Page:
‘Bringing connectivity to every vehicle’ was the vision Lowell McAdam (pictured), chairman and CEO of Verizon Communications put before delegates at the second plenary session.
He said by 2017 there will be three times more networked devices than people in the world and such connectivity could radically alter transportation. “GE estimates that connected technologies have the potential to reduce the global transportation industry’s demand for fuel by 14%.”
However, he said today Americans waste $120bn a year sitting in traffic, 30% of a city’s congestion is caused by people looking to park and only 7% of America’s 250 million vehicles are connected to communications networks.
McAdam told delegates: “At Verizon, we think the technology exists… to connect the vast majority of these vehicles to a wide range of intelligent services. We are committed to delivering an off-the-shelf solution that will bring the benefits of telematics to everyone next year.” While acknowledging the work already undertaken he said: “we need to move beyond individual projects to think in a holistic way about integrating all these smart systems – connected cars, roads, buildings, power grids and communications – into a comprehensive intelligent ecosystem.”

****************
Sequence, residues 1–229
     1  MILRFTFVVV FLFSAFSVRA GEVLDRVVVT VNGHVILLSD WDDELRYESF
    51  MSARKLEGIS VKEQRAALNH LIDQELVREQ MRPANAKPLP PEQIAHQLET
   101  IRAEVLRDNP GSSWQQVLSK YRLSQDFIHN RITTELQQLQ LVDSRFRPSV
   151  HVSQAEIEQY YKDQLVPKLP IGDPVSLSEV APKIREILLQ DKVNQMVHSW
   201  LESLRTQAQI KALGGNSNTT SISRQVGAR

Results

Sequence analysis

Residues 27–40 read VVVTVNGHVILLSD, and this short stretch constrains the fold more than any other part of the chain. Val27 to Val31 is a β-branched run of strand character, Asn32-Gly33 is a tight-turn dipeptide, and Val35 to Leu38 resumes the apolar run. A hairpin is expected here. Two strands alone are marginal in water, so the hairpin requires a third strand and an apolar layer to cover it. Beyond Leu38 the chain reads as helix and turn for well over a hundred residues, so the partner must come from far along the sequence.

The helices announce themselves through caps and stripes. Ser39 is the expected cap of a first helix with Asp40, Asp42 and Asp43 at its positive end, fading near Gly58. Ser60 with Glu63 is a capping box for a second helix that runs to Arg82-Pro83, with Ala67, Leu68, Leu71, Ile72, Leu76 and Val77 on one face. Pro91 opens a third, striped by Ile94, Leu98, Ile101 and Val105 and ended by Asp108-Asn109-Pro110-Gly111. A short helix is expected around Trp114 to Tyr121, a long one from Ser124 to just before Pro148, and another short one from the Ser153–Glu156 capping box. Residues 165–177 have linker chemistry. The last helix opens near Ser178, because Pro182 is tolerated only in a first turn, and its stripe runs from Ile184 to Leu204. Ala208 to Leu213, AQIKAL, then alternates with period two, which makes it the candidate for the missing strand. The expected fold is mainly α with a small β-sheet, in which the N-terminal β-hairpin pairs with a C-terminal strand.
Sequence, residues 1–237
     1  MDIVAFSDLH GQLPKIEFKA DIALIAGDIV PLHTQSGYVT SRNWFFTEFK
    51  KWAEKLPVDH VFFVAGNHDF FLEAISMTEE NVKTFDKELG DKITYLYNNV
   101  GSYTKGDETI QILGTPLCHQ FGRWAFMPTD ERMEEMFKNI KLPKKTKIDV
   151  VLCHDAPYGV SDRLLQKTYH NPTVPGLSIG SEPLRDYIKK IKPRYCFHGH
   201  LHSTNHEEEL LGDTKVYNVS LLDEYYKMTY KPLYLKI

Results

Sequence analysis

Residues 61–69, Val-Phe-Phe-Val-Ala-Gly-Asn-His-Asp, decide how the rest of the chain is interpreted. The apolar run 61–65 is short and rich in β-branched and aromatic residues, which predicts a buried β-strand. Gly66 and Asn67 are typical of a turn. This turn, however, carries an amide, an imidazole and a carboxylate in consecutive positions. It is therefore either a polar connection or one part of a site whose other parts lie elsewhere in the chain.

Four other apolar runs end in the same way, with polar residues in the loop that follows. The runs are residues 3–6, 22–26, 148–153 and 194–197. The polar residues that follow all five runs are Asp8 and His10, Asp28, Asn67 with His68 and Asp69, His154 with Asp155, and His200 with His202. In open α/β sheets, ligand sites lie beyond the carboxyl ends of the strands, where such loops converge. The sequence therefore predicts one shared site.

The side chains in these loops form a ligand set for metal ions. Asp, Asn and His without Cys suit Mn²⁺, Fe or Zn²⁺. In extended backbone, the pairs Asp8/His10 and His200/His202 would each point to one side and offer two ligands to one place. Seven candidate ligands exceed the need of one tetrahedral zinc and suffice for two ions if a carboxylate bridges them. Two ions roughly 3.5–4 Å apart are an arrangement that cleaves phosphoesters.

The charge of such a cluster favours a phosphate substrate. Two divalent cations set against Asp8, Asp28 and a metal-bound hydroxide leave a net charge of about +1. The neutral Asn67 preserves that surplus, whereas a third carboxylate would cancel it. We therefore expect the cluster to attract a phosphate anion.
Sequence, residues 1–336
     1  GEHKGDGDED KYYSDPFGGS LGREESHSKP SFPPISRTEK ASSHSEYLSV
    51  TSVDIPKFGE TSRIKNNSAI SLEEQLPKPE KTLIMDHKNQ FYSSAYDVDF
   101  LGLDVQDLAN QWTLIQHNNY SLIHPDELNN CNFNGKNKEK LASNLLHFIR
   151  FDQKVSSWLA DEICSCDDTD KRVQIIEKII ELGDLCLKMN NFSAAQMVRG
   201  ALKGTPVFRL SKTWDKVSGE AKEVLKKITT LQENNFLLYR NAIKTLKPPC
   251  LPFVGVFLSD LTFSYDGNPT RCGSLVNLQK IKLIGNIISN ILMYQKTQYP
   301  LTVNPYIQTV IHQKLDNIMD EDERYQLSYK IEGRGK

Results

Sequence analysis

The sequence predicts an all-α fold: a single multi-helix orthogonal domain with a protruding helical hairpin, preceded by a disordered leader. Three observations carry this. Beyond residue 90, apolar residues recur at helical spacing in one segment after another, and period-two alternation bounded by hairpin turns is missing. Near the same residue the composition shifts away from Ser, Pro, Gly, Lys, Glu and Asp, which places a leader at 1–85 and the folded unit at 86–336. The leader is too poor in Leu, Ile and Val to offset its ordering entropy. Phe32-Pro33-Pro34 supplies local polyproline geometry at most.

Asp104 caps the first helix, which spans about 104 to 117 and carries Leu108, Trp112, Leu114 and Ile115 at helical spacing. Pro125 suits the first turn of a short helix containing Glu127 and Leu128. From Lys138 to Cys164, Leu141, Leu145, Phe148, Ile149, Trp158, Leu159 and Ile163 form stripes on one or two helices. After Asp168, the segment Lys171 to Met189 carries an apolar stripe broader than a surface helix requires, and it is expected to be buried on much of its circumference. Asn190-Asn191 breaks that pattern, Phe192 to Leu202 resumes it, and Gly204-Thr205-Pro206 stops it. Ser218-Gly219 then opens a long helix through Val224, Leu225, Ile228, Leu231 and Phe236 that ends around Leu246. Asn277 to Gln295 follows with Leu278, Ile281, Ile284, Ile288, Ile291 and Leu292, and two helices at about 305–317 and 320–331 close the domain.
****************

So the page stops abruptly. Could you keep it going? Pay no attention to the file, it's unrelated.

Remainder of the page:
In pointing out President Obama’s comments that the US is the world’s largest economy but ranks 28th in terms of infrastructure investment, he issued a rallying call. “We have some decisions to make about how to invest in our future… and we’ve learned that investing in last century’s infrastructure may be cheaper in the short run but it’s way more costly in the long run.
“We need to fight for spectrum policies and tax laws that promote capital investment in the communications technologies on which intelligent transportation systems depend,” he concluded.